The Marang usually has an imperfect round or oblong shape. Its outer part is covered broad and round spines with mix shades of brown, green or yellow. This fruit is usually hard and brittle while it is still maturing but it becomes softer when it ripens. Since the Marang fruit does not fall off from the tree by itself then it needs to be harvested. It can be picked while it’s still hard and left to ripen until it turns soft.
The Exotic Taste and Smell of Marang

Before tasting this luscious fruit, there are some physical signs to watch and see if the fruit is ripe enough to be opened. First, the color changes from greenish-brown to more yellowish-brown. Second, it gives off a strong and pungent scent. Third, try giving the fruit a short massage by squeezing it lightly, if the texture feels soft and mushy to the touch then it is ripe enough to eat!

The Marang fruit can be opened by cutting the rind into half and slowly pull them apart to reveal a yellow and white interior. The interior is similar to that of the Jackfruit but with smaller arils. Arils are the small bulb-like structures inside a fruit that encapsulates the seeds. The arils are milky white in color and they are sweet and addicting in taste! To experience the full flavor of the Marang fruit, it should be consumed in one sitting for it easily losses its flavor when left opened for a period of time.


Edible Crunchy Seeds!

Other parts of the Marang fruit that are edible are the seeds! The seeds are approximately the size of marbles only not as round. After eating, just gather the seeds in a clean container and rinse them with clean water. The seeds need to put under the heat of the sun to dry. When all the seeds are dry then they can be roasted on a pan without oil until it turns slightly brown without burning it. To eat the roasted seeds just rub the thin outer layer so it will peel off then eat them like peanuts! They do taste a little like peanuts but milder in flavor but they are crunchier because roasting make them brittle enough to enjoy!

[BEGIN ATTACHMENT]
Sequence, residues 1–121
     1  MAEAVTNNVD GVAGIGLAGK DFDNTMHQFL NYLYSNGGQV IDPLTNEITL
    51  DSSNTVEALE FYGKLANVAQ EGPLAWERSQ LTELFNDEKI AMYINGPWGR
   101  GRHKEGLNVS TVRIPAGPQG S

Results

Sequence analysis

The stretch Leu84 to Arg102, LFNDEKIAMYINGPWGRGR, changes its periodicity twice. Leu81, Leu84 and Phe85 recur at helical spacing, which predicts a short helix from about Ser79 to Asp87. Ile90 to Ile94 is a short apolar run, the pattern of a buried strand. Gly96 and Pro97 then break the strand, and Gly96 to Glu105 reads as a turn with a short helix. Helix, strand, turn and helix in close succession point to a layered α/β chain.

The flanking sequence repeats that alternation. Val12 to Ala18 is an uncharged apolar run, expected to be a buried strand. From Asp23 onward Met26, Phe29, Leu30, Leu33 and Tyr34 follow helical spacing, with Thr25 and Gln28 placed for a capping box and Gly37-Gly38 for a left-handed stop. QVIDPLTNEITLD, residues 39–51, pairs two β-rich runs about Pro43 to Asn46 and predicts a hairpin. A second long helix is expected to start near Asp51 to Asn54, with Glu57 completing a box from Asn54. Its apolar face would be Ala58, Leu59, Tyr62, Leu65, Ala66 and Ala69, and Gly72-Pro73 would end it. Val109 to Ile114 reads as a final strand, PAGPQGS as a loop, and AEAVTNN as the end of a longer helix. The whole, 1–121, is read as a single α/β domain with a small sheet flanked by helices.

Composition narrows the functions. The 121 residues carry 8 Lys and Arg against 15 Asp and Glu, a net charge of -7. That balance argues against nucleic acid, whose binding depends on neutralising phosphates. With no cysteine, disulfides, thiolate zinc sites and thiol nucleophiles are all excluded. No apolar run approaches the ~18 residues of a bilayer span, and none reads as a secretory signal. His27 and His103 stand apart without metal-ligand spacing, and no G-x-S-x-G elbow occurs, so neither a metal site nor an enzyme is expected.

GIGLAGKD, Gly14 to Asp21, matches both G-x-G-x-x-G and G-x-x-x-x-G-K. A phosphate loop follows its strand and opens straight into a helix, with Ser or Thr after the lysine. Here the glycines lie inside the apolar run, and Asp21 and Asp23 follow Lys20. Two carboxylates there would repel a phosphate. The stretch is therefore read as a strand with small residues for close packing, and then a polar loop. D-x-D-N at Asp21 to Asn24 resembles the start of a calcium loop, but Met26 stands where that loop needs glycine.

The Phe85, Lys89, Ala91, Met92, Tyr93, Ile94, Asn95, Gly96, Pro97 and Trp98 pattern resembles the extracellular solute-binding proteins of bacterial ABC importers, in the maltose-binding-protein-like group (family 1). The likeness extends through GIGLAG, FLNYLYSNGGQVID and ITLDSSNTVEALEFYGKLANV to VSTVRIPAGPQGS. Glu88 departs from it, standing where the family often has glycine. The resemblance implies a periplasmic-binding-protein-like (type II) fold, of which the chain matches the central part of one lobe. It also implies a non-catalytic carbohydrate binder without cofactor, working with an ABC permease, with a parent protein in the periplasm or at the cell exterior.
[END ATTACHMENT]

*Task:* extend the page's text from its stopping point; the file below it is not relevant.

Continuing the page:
Mangosteen, the Queen of Fruits

mangosteen, fruits and health, dailyfruits.blogspot.comMy first experience with a mangosteen occurred while visiting Japan and it was nothing to write home about; in fact it was a disappointment. Already on guard due to the odd name - why call them "mangosteens" when they're nothing like mangos? the thing looked like a bleached tangerine stuffed into a split purple baseball. The fruit tasted delicious; somewhat reminiscent of peaches and lychees, but there was far too little of it.

Unlike other tropical fruits, ultra-perishable mangosteens have been difficult to export successfully while proving resistant to cultivation closer to the western world. In their native Thailand, however, the noble mangosteen has long been prized for its medicinal properties as well as its delicious taste.

"Mangosteen, the Queen of Fruits"... no, that's not a taunt directed at the effeminate kid who used to loiter outside the deli. Nor is it a new superhero who hails from, er, the Bay Area.

According to Koichi Okabe, president of a Japanese dessert company president who deals with a variety of different Thai foods, "Mangosteens are sometimes called the Queen of Fruits." I'm sure they don't mind, unlike poor Shecky, the neighborhood faigela. Okabe goes on to say that "Mangosteen juice, made by crushing the fruit, skin and seeds, not only tastes great, it has wonderful health benefits."

The various mangosteen drinks now sweeping Japan are a rich purple in color, owing to the blending of mangosteen rind extracts with the pale fruit. It's the inedible inside rind, or exocarp, that carries "the good stuff" - a heady blend of over 100 phytonutrients, phenolic compounds and anti-oxidants called xanthones that have shown promise in warding off cancer in mice.

In Japan, mangosteen fruits and juices have struck a chord with a public who not only love new trends, but have been bombarded by a scary government campaign against the dreaded metabolic syndrome: illnesses caused by obesity and lack of physical fitness.

While non-Japanese companies like XanGo have been marketing mangosteen puree blends for several years now, cost factors have effectively made it a luxury product for most people. That may not be a problem in Japan, which benefits from being close to the Southeast Asian source. (via Mainichi News)

December 12, 2009

Mandarin Orange

Citrus reticulata